Actress Jessica Stroup is on the phone, explaining how tough it was to move so often when she was a kid – bouncing around South and North Carolina, attending 10 different schools in all.
And then there’s a call coming in on the other line, and she needs to hang up, because it’s a couple of guys delivering a couch to her Brooklyn apartment. That’s right: She just recently moved. Again.
The Providence High School graduate, 27, owns a home in Los Angeles, but is temporarily living in New York, where she has spent the winter hanging out with Kevin Bacon as his co-star on the set of the creepy Fox TV series “The Following.”
Stroup’s character – an NYPD detective who teams up with her former FBI agent-uncle Ryan (Bacon) to hunt down the leader of a murderous cult – was introduced when Season 2 premiered in January. She’ll appear through the April 28 finale. (“The Following” has been renewed for a third season, although the fate of her character is a secret.)
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It’s another big break for Stroup, who previously spent five seasons as a regular cast member on teen drama “90210” for The CW. But it’s her first time working so closely and for so long with an actor as iconic as Bacon.
“I’m just always trying not to bug him by asking too many questions,” she says. “He’s just super cool. He’s so funny and down-to-earth, and he says ridiculous things sometimes. If he slips on a rug, he’ll be like, ‘Oops! That scene got a little footloose.’ ”
Though she has focused on television for the past six years, Stroup also has a number of film credits, most of which – like “The Following” – fall into the horror and/or thriller genre: “Pray for Morning,” “Broken,” “The Hills Have Eyes 2,” “Prom Night,” “The Informers,” “Homecoming” (all released between 2006 and 2009).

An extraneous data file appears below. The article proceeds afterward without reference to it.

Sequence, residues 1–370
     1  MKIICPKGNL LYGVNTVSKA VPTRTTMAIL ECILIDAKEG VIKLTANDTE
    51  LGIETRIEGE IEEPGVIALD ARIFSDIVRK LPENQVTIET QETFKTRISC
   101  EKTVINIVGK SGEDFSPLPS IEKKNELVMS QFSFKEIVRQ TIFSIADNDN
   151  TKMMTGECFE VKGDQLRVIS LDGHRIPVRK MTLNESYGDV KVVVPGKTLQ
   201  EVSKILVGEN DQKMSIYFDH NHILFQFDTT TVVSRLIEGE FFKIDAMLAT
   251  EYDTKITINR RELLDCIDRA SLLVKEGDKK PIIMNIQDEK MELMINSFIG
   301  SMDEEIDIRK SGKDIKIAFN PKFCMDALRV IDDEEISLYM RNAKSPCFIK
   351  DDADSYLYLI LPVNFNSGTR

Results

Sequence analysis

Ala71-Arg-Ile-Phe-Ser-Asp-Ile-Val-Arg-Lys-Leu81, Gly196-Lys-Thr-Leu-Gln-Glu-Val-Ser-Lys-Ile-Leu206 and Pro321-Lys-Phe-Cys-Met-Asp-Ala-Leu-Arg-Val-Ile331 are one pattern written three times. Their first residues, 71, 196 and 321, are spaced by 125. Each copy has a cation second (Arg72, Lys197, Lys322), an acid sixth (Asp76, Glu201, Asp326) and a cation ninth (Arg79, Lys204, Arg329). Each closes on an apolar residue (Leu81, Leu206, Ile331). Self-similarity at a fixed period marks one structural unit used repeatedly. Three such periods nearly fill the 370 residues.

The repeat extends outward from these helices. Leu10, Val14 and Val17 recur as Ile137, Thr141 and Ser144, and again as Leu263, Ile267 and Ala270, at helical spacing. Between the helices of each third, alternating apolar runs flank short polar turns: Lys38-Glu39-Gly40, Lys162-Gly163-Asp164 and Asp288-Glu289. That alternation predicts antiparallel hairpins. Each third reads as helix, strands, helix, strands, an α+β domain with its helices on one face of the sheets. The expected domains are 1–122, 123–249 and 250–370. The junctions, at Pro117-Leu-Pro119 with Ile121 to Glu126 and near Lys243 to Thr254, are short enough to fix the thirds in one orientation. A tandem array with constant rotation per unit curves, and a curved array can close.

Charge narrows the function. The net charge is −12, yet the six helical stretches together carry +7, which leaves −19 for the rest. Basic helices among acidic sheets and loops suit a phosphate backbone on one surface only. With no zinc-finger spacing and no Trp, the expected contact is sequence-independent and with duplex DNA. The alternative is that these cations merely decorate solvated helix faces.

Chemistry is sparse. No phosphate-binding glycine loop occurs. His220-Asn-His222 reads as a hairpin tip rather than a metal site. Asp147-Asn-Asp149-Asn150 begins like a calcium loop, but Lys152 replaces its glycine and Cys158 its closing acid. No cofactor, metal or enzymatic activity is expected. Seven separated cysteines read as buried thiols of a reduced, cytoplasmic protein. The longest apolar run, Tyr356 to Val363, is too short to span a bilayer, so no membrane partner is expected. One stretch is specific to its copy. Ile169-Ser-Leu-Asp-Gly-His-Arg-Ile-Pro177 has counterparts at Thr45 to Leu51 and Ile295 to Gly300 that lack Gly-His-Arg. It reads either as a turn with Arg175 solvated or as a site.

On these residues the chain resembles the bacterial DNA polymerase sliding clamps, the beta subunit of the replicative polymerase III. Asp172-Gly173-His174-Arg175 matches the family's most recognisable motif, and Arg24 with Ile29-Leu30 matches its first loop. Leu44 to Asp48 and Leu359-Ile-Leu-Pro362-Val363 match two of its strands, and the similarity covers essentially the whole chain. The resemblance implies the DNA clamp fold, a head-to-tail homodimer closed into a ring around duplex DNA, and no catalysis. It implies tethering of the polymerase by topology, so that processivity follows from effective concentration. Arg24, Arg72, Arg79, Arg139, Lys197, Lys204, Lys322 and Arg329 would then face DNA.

Of course, around here, it’s her Charlotte resume that will be of particular interest. The highlights:
Stroup was born in Andersen, S.C., to Don and Judy Stroup of Gaffney. Don’s 31-year career at Wachovia bounced the family around the Carolinas until landing Jessica at Providence midway through her sophomore year.
A starter on the volleyball team, she played with Ashley Fliehr (former pro wrestler Ric Flair’s daughter), the captain and star player; both were members of the 2002 squad that won the 4A state championship.
On the side, she auditioned unsuccessful for school plays. But during her junior year, another volleyball player’s mom saw Stroup in some vacation photos and suggested she get in touch with Evolution Talent Agency in Charlotte (which also launched the modeling career of Butler High alumna Brooklyn Decker).
Over the next year or so, she signed with Evolution; learned how to walk the catwalk; went to a modeling convention in Hilton Head; was invited to go model in Japan for two months during her senior year (she declined); and flew to New York and L.A. to meet with talent agents.
Along the way, she was offered a full academic scholarship to attend the University of Georgia.
“But I knew the possibility was really big to do something,” Stroup says. “And I just wanted to see the world. I thought, ‘Life’s short, so let me just go and give it a shot.’ ”
After graduating from Providence in 2004, she went straight from the commencement to a shoot for a Target commercial. Seven days later, she moved to California by herself – at age 17 – and was placed at the Osbrink Talent Agency (which also launched Dakota Fanning).
By then, though, she had other plans for her career.
“I’d always really connected with plays, books and movies, and I knew modeling wasn’t this thing I was gonna do forever ... it was just opening up doors for me to take (filmmaking and acting) classes in L.A.”
Every year since, Stroup has found TV or film work that has made a deeper impression, and views all the paths she’s taken in life as “a cool journey.” But she hasn’t forgotten her roots, and returns to the area to see her parents, and her older brother, her sister-in-law and their two kids “all the time.”
“It’s really nice to be on the East Coast filming in New York, because I get to visit much more often than if I were in L.A.,” Stroup says. “In my heart and in my soul, I’m a Southern girl.”